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Pier 27 and transparency in the real estate industry

One of my favorite development projects going up in Toronto right now is the Pier 27 complex at the base of Yonge Street.

What I love about it is that it’s trying something different. The two sky bridges that sit atop the two phases—currently under construction—are going to create a remarkable new focal point along the waterfront. It’s not just another condo.

And as I watch the buildings go up, I’ve also been impressed by the materials used on the project. In particular the curtain wall (glazing) system used on the eastern most buildings. It’s a clear glass installation with white accent pieces. It’s beautiful. Here are a few photos.

But as much as I love this project, it’s been slow moving. This project, like many others in the city, has been subject to a number of delays. They went to market in 2006-2007 and occupancy isn’t expected until next year—a good 7 years later.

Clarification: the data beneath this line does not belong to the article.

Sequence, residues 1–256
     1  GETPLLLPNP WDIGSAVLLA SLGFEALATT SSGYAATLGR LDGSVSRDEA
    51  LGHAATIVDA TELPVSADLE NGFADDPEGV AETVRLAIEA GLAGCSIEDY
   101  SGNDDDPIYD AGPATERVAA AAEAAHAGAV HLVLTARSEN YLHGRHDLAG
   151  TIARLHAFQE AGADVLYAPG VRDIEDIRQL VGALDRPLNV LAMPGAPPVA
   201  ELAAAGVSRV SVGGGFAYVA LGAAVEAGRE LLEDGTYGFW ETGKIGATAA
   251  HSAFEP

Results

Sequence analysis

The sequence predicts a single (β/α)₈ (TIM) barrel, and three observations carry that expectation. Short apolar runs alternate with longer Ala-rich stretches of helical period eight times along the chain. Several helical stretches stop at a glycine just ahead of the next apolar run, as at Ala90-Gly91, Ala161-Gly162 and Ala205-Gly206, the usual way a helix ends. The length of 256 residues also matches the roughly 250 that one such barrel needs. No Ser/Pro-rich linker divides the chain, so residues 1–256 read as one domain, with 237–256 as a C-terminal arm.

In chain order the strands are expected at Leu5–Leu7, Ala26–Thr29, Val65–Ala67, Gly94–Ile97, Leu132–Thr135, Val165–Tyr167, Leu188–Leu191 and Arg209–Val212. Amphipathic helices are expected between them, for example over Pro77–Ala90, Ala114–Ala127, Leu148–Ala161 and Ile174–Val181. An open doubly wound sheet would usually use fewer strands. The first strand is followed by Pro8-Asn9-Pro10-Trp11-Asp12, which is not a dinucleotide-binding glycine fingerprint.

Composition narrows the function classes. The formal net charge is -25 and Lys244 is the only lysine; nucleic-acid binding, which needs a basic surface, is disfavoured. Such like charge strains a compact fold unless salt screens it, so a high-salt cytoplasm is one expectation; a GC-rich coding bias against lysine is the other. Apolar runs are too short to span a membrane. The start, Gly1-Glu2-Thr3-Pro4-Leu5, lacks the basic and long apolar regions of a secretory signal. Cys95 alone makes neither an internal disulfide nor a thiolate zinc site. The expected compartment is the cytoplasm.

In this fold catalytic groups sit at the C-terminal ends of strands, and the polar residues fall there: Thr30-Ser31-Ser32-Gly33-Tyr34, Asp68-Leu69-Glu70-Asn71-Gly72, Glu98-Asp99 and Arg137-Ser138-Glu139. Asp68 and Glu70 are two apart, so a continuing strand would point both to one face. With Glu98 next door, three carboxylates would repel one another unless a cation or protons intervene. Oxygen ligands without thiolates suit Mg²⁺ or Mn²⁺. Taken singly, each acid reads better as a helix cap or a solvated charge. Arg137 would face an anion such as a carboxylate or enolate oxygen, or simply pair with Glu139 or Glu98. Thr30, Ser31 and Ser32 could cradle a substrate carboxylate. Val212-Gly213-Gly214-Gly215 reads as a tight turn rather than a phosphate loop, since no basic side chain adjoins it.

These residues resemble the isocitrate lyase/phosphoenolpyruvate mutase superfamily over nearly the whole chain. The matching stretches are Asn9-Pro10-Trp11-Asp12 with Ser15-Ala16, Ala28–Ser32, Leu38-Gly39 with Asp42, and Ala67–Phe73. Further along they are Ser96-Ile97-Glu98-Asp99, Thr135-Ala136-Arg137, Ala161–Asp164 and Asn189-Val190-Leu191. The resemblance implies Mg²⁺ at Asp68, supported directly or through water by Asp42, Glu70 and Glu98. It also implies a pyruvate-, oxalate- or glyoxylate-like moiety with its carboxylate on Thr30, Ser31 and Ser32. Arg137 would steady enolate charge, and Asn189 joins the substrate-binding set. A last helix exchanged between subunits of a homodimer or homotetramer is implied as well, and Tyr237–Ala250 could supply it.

But more than the issue of time, my real concern is the lack of transparency. Why was it delayed? Were sales slow? Were there dewatering issues being on reclaimed land along the waterfront? Was the soil contaminated? As a consumer, it’s frustrating being in the dark.

I do, however, acknowledge that this is a larger issue facing the real estate industry. We’re certainly not known for radical transparency. We’re a closed and insular industry. But over time I do believe that will change. It’s inevitable. And the best thing you can do today—as an organization or as an individual—is to embrace it.

Full disclosure: I have a vested interest in this project and I’m currently having a fight with the developer over a small amendment I would like to make to the agreement of purchase and sale. They have been unwilling to cooperate.

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